A recent report reckoned that the UK is near saturation point when it comes to coffee shops. Short of opening one on every corner and despite the fact that they always seem to be crowded, the theory is we won’t need any more within three years. However this means that the sector will have to evolve. They could get bigger- how long before they start calling them Coffee Hubs? Just as some fast food outlets have hundreds of seats, perhaps some coffee shops will grow in a similar way.
One curious aspect of the boon in coffee shops in the UK has been that it coincided with the economic recession and subsequent government imposed austerity. Surely such conditions would be see expensive drinks in decline because in other retail areas people have flocked to value whether its supermarkets like Lidl or retailers like Primark. Yet this is one sector where the opposite has happened. Whereas twenty years ago most people would either have a coffee before going out or grab a takeaway drink, now they are quite willing to spend at least £2.50 on one drink. Some research in 2016 put this down to a generational led shift where Millennials are less concerned about the price of the coffee than the experience of the place where they drink it.
The future then may well see coffee shops expanding their range to ensure customers don’t become bored of the same menu. You might imagine there are no more types of coffee than those already served but there probably are. Some chains have already begun to try so called `artisan` variants and there are an astonishing number of different types of coffee you may not even have heard of. For example Café Cubana is an espresso with demerara sugar added, Turkish Coffee uses fine ground coffee immersed in water, a Guillermo is two shots of hot espresso poured over lemon slices and served with ice.
There is a Vietnemese coffee called Cha phe sua da which mixes black coffee with a half of sweetened condensed milk and poured over ice. That country also originated the slightly less appealing sounding Egg Coffee in which egg yolks, sugar and condensed milk are added to Robusta coffee. You could have a Liqueur Coffee which is brewed with a 25ml shot of liqueur. Espresso con panna is coffee made with whipped cream. Indonesian Kopi Tubruk uses boiled coarse ground coffee with sugar.
A lot of the smaller shops are still operating a model based on a select clientele – often business people- taking time over a coffee while tapping away on a device or having causal meetings away from the office. However there are just as many customers who would like to sit in but eat something and not take too long about it. Food is definitely an area where the shops could expand. In some ways their offer currently resembles what pubs used to do when it came to food, viewing it as a very distant second to the drinks. Nowadays you can get good meals in pubs which you never used to be able to whereas coffee chains seem to offer the same range of either sandwiches or paninis plus a selection of unhealthy looking cakes and buns. The dividing line between a coffee shop and a café could blur in years to come with coffee shops offering a wider range of eats. They’ll never go the whole way and offer meals because they don’t need to but more choice (apart from adding `pigs in blankets` during December) would add to their appeal.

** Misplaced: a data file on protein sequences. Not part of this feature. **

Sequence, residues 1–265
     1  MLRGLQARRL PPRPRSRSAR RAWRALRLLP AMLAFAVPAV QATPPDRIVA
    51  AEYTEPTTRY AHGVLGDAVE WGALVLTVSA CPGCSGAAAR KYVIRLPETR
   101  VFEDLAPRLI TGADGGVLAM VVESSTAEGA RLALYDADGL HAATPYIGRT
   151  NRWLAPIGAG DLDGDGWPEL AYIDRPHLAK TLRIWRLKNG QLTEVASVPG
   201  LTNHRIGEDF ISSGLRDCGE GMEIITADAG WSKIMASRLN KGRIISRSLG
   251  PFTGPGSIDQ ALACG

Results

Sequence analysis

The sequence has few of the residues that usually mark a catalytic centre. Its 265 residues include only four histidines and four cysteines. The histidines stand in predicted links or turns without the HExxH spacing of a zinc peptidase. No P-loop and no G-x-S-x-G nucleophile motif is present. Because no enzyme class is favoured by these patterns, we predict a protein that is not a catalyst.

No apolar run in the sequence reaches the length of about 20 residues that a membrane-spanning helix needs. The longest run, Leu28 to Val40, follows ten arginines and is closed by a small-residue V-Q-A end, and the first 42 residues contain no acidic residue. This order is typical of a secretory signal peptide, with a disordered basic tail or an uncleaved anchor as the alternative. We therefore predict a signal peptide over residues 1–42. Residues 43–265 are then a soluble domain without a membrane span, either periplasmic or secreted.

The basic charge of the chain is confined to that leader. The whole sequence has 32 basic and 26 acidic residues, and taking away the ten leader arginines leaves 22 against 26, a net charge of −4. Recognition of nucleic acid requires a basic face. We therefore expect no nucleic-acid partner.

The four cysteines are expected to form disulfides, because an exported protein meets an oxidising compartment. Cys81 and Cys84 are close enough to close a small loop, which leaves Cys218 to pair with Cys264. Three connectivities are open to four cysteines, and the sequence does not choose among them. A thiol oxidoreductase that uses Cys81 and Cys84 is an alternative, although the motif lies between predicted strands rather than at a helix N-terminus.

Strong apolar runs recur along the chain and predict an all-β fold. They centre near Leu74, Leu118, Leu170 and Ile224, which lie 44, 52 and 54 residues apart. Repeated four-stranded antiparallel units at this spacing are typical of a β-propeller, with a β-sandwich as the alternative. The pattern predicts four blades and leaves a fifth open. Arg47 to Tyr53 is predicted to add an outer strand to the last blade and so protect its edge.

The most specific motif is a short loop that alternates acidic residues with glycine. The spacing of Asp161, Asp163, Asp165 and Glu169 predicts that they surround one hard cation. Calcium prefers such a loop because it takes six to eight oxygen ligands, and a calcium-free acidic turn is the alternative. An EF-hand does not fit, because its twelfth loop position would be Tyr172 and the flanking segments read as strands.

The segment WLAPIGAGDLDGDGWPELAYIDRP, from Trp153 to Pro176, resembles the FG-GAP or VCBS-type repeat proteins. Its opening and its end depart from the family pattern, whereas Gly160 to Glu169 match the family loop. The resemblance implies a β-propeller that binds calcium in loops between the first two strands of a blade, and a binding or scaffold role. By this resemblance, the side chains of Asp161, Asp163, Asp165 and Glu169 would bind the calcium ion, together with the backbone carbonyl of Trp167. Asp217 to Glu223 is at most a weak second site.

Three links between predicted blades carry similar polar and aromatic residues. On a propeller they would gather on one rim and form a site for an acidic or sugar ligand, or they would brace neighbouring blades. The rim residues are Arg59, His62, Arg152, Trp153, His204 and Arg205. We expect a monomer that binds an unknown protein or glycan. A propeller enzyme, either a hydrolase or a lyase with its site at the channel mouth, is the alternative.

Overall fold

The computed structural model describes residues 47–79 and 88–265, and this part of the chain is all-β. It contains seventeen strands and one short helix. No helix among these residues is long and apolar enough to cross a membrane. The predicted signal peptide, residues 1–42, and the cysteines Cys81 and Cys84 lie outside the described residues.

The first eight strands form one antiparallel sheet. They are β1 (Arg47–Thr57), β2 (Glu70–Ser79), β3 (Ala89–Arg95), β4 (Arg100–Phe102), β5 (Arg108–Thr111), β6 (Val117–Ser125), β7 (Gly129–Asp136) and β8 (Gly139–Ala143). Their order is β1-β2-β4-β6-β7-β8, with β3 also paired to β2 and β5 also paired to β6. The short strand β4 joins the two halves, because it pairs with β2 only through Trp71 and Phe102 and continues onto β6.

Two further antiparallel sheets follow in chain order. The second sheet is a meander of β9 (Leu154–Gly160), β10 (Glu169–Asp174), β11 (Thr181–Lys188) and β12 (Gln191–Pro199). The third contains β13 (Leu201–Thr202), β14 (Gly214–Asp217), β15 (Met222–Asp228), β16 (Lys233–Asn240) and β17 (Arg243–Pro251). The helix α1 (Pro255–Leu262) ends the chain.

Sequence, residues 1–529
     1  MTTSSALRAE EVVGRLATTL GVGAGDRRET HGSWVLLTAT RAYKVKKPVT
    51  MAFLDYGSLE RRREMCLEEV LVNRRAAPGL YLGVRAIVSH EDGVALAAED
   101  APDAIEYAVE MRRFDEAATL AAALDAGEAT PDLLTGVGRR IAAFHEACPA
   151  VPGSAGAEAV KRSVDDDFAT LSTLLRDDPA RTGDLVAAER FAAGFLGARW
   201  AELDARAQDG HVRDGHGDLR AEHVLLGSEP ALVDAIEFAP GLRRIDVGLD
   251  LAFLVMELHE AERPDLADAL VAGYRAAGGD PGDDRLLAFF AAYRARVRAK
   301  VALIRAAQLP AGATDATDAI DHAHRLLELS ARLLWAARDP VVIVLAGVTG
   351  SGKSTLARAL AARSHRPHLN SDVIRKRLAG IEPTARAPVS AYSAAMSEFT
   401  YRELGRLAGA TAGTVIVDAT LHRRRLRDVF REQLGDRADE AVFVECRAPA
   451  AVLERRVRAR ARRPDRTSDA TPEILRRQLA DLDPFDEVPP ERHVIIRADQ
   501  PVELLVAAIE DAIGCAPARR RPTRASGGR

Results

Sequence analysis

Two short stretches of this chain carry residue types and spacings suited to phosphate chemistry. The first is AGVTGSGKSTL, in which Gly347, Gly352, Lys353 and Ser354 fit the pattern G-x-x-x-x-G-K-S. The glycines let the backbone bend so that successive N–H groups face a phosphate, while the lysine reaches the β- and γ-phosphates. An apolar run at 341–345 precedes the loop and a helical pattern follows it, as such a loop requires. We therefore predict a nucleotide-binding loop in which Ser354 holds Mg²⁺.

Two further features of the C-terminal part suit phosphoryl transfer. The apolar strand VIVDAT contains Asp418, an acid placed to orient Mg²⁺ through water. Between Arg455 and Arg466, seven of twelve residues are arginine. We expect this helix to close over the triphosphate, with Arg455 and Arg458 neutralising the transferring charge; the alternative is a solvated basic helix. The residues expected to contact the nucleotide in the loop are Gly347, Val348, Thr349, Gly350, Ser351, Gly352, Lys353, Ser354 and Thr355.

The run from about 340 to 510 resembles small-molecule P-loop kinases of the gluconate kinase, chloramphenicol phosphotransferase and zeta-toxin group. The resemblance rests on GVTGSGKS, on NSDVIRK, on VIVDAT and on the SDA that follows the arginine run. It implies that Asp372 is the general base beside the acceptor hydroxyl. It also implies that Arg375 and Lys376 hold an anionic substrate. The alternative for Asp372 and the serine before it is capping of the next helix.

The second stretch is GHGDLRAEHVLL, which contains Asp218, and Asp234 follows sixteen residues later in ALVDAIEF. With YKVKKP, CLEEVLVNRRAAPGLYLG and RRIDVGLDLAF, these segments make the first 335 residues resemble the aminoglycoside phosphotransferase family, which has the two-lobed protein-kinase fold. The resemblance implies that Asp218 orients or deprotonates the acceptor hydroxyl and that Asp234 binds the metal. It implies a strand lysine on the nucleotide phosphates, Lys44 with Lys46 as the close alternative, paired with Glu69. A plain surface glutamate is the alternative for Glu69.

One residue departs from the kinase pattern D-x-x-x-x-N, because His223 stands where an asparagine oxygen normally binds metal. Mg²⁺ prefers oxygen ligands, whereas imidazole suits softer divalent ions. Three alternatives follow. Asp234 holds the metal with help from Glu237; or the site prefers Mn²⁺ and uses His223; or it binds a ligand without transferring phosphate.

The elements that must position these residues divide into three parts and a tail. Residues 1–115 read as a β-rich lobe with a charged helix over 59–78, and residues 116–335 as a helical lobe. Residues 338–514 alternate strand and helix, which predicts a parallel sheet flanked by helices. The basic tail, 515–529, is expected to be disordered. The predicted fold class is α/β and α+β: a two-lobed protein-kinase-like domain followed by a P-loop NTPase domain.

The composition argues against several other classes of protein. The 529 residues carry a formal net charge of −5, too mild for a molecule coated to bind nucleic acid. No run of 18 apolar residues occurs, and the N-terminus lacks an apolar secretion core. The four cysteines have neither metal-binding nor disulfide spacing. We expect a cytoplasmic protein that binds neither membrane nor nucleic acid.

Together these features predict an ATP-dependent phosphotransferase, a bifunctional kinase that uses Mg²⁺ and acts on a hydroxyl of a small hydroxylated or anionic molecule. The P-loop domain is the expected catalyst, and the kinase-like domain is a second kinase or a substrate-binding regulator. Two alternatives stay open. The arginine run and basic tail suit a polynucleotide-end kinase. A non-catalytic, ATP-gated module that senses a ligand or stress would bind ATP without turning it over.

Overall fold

It’s not just the items on sale or the design of the shops that is changing. The way we order is beginning to go through a revolution too. In the US Starbucks have already been experimenting with remote ordering so that you can order your coffee several minutes before you arrive at the shop meaning avoiding those lengthy queues that can build up. It may be that shops have two areas- one for pre- paid orders, the other for the current method of queuing, ordering and paying.
It is even possible that the Barista’s operation could itself be automated in the future. This would hopefully not happen but when you consider how automated service is gaining use in various sectors it has surely been considered. After all think how you could have a machine that can make three drinks at once. As the shops seem to lumber all the coffee making on one person while four others serve this may be the answer. Whatever happens it seems as if we’ll be drinking in coffee shops for the foreseeable future.